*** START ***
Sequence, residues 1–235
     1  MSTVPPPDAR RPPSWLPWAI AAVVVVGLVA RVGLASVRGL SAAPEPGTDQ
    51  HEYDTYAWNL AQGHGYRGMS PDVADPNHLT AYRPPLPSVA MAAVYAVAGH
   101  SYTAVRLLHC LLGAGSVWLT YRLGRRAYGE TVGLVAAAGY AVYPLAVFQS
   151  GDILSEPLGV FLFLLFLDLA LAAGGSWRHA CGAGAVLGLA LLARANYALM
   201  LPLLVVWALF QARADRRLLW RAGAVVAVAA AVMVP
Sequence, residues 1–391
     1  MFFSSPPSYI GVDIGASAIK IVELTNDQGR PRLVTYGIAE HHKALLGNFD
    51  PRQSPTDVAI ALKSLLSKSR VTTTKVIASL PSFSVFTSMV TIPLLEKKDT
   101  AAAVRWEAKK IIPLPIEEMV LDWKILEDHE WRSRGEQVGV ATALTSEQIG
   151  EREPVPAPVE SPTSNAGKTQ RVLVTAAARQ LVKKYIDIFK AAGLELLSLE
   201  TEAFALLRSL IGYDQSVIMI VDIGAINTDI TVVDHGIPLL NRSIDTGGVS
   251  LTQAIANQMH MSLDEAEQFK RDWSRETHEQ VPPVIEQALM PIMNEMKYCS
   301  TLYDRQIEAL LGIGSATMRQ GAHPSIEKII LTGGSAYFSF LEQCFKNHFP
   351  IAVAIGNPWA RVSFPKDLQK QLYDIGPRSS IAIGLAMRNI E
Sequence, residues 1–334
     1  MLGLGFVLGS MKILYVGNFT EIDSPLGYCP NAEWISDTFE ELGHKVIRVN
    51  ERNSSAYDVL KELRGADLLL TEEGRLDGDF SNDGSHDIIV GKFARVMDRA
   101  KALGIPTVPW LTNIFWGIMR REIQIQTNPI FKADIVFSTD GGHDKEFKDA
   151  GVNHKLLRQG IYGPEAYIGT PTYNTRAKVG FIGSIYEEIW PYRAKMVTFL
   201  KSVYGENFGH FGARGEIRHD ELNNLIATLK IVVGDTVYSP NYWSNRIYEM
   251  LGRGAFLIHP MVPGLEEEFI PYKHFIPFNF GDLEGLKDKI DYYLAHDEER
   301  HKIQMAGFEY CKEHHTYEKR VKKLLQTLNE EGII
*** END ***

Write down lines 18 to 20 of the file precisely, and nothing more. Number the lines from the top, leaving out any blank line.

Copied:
    51  ERNSSAYDVL KELRGADLLL TEEGRLDGDF SNDGSHDIIV GKFARVMDRA
   101  KALGIPTVPW LTNIFWGIMR REIQIQTNPI FKADIVFSTD GGHDKEFKDA
   151  GVNHKLLRQG IYGPEAYIGT PTYNTRAKVG FIGSIYEEIW PYRAKMVTFL